Thylacine: The Tragic Tale of the Tasmanian Tiger

Thylacine: The Tragic Tale of the Tasmanian Tiger

Thylacine: The Tragic Tale of the Tasmanian Tiger

Thylacine: The Tragic Tale of the Tasmanian Tiger

Excerpt

On 7 September 2002, Threatened Species Day was once again observed across Australia. In Hobart the blustery, windswept conditions didn't prevent stalls and exhibitions springing up on the lawns at Parliament House. Conservationists and politicians gave interviews for television and radio. The deliberately chosen date is a sorry one in Tasmanian history, for it was on 7 September 1936 that the last known thylacine, commonly known as the Tasmanian or ‘Tassie’ tiger, died in captivity at the Hobart Zoo, victim of the Depression, neglect and a century of deliberate species persecution.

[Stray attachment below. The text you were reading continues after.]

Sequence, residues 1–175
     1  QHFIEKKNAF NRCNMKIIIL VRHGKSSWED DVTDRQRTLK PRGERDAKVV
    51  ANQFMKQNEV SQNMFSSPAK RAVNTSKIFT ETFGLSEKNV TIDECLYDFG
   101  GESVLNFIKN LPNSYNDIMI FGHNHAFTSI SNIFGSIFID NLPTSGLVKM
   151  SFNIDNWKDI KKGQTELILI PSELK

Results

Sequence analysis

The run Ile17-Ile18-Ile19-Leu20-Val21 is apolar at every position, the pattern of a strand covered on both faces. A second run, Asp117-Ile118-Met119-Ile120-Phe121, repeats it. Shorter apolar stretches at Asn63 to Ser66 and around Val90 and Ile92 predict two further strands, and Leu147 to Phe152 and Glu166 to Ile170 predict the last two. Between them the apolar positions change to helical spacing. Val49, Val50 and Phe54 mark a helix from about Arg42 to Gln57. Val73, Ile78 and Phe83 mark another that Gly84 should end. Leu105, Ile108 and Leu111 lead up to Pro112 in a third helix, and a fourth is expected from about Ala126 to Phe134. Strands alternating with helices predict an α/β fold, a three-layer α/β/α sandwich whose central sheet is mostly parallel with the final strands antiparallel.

In an unintended, eerie coincidence, the northern city of Launceston hosted an auction that very morning, the centrepiece of which was a rug made of eight thylacine skins. It had reputedly been purchased for three pounds early in the twentieth century, since when it had remained in private hands. Now the State's two main museums and a hotel group had jointly purchased the rug for over a quarter of a million dollars. Was it right to spend all that money on memorabilia of an extinct species on the very day devoted to raising funds to help endangered ones?

This is but one more controversial and sadly ironic chapter in the ever-expanding saga of the Tasmanian tiger, the mysterious marsupial predator that evolved over tens of millions of years . . .

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